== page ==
The Doctor Might See You Now: How The New Bulk Billing Incentive Will Work

An illunstration of a doctor sitting at a desk to show how the bulk billing incentive is changing for medicare in Australia.

In Labor’s first full-year budget, the Treasurer Jim Chalmers made cost of living measures a key focus. At the centre of this was healthcare reform, part of which the government have said they will be making it easier to see a GP through a new bulk billing incentive.

“As a centrepiece of this Budget, our Labor Government is delivering the largest increase to the bulk billing incentive, ever,” Chalmers told the House of Representatives.

The budget has allocated $3.5 billion to provide free GP consultations to roughly 11.6 million people.

“This will help take pressure off our public hospitals and emergency departments, still feeling the strain of a once‑in‑a‑century pandemic,” the Treasurer said.

“And it will ensure that for millions of people, the quality of your healthcare is guaranteed not by your credit card – but by your Medicare card”.

The move has been welcomed by the Australian Medical Association (AMA), who have said that the changes will make a real difference. The Royal Australian College of General Practitioners (RACGP) have also welcomed the changes, saying it will reverse the decline in bulk billing.

Others, however, have said that the changes leave far too many people out and could contribute to worsening inequality. The Greens have argued this point, saying that everyone should be getting assistance with their healthcare costs.

The National Rural Health Alliance has also welcomed the changes but have said that it won’t do anything to address severe worker shortages faced in rural areas.

So, what are these changes, exactly, how will they work, and will they have the desired impact of actually making it easier to see a doctor? Here’s what you need to know.

What Does Bulk Billing Mean?

Alright, let’s start with some basics.

Bulk billing was introduced along with Medicare in 1984 as a way for the government to cover out-of-pocket medical costs.

GPs get paid on a fee-for-service basis and can either choose to bill the government directly for their services or charge their patient directly. The former is known as bulk billing, owing to the fact that a GP practice will send all of these bills to Medicare in ‘bulk’.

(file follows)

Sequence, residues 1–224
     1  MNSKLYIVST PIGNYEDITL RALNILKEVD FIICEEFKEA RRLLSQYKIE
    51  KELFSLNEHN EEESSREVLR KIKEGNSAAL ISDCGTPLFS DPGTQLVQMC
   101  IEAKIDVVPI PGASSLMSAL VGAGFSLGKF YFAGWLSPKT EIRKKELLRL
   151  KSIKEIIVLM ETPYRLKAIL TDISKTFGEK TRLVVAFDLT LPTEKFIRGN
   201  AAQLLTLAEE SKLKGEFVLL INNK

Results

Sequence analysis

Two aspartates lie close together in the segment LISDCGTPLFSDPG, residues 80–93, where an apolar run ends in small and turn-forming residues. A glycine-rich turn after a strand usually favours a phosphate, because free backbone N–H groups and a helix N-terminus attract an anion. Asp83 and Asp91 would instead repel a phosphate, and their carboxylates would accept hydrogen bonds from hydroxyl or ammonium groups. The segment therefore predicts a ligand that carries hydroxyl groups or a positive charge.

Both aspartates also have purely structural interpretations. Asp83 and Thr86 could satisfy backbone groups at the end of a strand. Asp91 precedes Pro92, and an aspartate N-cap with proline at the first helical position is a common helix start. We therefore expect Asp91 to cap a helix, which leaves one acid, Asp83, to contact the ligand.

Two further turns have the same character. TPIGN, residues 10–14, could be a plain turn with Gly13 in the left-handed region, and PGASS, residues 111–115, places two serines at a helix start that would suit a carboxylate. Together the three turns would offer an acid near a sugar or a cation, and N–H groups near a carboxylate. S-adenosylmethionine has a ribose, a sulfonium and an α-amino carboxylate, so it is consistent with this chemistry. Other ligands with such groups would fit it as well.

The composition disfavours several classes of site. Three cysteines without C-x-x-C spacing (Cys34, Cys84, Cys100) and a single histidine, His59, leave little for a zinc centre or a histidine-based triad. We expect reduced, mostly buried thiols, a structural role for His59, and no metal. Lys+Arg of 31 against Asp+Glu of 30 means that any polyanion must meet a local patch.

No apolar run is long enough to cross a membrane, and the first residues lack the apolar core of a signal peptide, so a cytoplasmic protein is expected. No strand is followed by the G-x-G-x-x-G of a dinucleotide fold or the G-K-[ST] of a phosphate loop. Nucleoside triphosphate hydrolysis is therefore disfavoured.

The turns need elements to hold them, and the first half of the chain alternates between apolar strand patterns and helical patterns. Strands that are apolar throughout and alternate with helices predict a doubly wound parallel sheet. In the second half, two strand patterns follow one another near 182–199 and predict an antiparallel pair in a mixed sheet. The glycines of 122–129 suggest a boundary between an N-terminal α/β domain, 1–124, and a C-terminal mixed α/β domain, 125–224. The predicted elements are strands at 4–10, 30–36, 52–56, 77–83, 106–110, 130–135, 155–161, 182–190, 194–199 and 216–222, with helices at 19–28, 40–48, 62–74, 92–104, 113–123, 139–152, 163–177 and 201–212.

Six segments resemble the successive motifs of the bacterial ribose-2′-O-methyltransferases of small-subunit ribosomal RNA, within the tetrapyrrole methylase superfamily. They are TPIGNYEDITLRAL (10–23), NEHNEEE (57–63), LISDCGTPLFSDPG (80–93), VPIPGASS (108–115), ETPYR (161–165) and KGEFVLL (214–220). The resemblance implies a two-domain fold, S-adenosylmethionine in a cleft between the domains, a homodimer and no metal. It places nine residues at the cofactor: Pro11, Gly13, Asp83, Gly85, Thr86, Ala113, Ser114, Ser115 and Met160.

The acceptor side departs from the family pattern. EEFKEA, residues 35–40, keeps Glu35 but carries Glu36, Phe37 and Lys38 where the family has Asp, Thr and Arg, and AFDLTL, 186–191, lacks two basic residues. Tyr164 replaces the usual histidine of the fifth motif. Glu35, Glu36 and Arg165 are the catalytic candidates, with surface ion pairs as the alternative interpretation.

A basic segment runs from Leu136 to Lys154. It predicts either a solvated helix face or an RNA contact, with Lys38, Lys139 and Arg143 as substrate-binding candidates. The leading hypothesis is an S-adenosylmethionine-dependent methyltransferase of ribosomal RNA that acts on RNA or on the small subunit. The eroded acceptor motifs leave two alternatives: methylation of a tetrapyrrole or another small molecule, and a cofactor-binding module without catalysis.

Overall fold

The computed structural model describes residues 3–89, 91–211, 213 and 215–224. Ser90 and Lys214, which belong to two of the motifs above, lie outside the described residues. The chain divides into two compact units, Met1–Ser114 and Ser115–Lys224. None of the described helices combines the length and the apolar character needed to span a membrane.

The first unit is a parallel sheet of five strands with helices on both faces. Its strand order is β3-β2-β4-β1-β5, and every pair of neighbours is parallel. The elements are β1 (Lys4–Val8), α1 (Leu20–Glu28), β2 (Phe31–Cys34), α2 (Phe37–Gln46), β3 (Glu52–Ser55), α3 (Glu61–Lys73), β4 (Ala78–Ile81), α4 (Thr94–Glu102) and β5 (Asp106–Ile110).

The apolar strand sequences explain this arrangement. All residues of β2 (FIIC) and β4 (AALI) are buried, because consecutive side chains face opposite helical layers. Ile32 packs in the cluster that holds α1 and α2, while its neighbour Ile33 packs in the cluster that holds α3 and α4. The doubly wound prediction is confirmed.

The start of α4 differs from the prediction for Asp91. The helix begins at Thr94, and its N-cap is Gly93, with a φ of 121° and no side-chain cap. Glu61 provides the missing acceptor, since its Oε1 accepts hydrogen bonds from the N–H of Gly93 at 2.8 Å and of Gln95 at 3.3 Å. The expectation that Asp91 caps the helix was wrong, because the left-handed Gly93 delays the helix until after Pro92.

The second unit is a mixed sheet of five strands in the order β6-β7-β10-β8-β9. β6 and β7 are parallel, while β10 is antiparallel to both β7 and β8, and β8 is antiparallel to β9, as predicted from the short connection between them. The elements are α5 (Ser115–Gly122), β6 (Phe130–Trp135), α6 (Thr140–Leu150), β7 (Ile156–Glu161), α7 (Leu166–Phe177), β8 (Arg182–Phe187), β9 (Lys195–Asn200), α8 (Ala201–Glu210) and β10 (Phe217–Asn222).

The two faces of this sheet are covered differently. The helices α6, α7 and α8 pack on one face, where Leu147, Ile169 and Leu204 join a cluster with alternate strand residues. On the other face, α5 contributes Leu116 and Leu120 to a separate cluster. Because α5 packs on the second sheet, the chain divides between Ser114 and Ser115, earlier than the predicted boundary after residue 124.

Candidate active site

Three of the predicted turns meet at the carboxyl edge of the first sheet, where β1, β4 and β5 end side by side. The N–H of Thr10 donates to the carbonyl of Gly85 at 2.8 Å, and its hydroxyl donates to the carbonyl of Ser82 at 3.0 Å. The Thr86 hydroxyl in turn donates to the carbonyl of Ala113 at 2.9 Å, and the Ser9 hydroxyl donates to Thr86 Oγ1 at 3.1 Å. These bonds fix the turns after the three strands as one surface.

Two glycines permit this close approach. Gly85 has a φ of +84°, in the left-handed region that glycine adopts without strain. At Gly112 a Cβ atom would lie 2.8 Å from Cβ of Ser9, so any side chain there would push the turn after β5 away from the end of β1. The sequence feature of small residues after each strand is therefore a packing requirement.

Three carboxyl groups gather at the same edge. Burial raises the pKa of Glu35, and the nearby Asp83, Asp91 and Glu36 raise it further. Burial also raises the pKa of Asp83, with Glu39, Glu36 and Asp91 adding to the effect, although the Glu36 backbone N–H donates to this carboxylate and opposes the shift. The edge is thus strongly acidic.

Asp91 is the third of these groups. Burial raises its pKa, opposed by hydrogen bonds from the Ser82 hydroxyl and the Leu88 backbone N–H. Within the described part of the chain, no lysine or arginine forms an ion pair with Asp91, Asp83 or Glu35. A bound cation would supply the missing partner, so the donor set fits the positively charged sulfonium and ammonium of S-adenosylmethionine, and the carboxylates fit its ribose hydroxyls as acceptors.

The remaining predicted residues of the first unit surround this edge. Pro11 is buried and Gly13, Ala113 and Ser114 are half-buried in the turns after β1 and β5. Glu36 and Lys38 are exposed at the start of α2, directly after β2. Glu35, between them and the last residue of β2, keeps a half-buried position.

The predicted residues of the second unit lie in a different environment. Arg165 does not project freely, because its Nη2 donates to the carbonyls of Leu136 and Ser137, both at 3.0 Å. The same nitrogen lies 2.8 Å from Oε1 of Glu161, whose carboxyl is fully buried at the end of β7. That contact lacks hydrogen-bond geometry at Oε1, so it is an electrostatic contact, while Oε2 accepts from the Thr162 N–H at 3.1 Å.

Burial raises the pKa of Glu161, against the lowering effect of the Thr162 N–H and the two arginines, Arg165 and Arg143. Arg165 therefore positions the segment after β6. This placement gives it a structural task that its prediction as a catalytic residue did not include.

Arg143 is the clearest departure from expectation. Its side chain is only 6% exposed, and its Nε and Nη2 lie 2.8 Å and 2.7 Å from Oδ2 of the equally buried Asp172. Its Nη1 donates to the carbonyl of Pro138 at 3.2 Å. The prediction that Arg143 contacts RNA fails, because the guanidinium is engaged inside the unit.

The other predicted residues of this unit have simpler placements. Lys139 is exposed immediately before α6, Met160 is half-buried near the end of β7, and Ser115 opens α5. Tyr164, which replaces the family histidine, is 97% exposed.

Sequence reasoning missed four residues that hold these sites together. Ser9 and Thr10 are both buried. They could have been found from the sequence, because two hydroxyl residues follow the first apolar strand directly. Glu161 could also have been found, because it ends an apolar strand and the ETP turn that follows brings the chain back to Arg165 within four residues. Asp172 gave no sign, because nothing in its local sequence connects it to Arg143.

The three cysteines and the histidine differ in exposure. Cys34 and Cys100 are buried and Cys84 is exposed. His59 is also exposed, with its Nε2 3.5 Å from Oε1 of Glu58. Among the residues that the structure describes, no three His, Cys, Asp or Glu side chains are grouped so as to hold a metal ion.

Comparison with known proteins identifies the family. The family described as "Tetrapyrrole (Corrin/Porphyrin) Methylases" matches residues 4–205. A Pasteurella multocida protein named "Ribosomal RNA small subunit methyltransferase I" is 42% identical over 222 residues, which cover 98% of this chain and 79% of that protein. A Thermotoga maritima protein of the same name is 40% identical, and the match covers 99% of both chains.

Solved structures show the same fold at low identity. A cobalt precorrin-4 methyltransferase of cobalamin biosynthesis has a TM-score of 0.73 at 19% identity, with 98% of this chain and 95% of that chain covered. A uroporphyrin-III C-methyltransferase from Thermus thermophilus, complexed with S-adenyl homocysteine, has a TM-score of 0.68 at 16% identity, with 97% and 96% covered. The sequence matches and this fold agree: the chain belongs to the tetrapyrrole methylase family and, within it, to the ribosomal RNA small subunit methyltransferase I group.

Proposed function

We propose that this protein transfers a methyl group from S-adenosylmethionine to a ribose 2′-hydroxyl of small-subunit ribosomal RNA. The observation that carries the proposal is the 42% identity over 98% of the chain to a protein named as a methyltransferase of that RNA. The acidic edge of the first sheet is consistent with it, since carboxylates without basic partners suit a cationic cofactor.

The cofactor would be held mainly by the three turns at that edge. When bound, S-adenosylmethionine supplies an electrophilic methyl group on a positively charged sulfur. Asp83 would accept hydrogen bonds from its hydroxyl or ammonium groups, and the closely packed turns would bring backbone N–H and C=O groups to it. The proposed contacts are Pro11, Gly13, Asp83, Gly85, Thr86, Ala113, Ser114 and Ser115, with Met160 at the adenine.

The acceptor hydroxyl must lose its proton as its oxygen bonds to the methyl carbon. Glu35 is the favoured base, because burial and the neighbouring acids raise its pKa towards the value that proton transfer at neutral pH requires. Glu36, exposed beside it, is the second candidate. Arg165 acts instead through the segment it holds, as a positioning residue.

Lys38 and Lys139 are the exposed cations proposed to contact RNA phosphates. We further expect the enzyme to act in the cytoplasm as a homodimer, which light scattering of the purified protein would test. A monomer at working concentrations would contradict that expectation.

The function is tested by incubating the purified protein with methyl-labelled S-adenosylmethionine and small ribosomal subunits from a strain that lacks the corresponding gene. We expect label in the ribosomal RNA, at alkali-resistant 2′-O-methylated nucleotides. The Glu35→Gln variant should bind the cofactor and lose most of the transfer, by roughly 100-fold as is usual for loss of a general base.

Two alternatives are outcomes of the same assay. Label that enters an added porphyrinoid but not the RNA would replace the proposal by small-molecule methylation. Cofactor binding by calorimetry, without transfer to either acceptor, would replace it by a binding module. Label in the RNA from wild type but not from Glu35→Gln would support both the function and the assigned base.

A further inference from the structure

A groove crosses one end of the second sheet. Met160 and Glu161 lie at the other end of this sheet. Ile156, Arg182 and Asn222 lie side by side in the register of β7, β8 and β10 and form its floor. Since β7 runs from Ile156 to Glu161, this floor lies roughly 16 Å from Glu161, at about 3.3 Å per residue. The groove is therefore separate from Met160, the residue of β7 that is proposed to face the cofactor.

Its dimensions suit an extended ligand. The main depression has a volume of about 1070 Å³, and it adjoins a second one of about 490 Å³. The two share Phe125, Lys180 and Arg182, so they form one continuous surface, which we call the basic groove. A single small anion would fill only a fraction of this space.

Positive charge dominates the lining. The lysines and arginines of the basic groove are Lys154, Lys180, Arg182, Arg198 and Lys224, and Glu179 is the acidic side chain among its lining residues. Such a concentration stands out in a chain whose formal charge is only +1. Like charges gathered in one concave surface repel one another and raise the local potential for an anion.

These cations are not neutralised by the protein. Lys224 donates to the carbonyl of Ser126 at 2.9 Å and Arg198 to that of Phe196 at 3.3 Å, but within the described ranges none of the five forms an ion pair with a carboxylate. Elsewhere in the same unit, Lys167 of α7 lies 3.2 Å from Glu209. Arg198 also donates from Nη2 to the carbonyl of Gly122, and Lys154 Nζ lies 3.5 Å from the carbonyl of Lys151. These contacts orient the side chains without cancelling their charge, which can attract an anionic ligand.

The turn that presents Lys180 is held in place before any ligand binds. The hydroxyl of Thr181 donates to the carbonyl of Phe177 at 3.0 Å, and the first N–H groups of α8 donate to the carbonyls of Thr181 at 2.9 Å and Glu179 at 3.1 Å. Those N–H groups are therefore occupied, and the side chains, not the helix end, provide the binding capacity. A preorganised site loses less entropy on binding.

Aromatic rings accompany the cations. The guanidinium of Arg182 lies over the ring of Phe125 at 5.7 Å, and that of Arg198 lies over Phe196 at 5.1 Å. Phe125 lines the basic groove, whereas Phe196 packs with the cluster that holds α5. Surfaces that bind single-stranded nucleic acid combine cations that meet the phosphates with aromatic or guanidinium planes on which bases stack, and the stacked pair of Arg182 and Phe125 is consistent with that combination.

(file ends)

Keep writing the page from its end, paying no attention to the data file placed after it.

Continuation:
Under Medicare, 100% of GP services, and 85% of specialist services, are covered by Medicare. However, what those practitioners get from Medicare when they bulk bill is the ‘schedule fee’, the price for a service set by Medicare.

In 2023, the schedule fee for a 20-minute GP appointment is $39.75. If that sounds incredibly low, that’s because it is.

Schedule fees are indexed but only by a percentage point or two. That means the fee GPs get paid for seeing you has actually gone down, thanks to inflation.

This is why fewer and fewer doctors are bulk billing. It’s just not financially viable for them to do so.

When GP services, to use just one example, need to charge more, you end up paying the difference, effectively subsidising their work and making up for the government’s reluctance to increase schedule fees.

As such, the average ‘gap fee’, paid out of pocket by patients, has been steadily rising, almost doubling in the past decade.

Because doctors can’t earn enough to keep their services open, not to mention being unable to attract talent based on stagnant wages, large parts of the country are without bulk-billing GPs. Less than half the population currently has all of their GP visits bulk billed. This means fewer people go to see a doctor, and healthcare standards decline across the board.

Budget Bulk Billing Incentive

The headline announcement from the budget is that the government will be tripling the bulk billing incentive. This is an extra payment, that was introduced in 2004, to encourage GPs to bulk bill Medicare for their service. It provides an additional $6.85 to $13.15 on top of the schedule fee, depending on where in the country they are based.

So, rather than getting up to $59.20 for their services, GPs in remote areas may now be able to get up to $79.20 per 20-minute session. For those in the city, it’s the difference between $46.60 and $60.30.

However, these changes will only apply to people under the age 16 or Commonwealth concession card holders. At 11.6 million people, that’s roughly a bit less than half the population. It does leave most working-age people hanging.

Will this boost bulk billing and drive up GP visits? Chalmers certainly thinks so. Others aren’t so sure.

Professor Stephen Duckett, from the Department of General Practice at The University of Melbourne, has said that it could “possibly” reverse the decline, but it’s unclear that it will increase bulk billing.

“Practice owners could simply pocket the increased incentive for patients who are already bulk billed, leaving bulk billing rates unchanged,” he has said.

“Or GPs could use the increased revenue from their existing bulk-billed patients to reduce their hours of work, rather than bulk billing more patients”.

There is also the possibility that GPs could prioritise people in the triple-incentive category, making it harder for others to get an appointment.

So, while it may fix a few issues with the GP system, these changes alone are unlikely to reverse decades of underinvestment in the system that are making free healthcare an increasingly uncommon reality.

The tripling of bulk billing incentives will be implemented in November.

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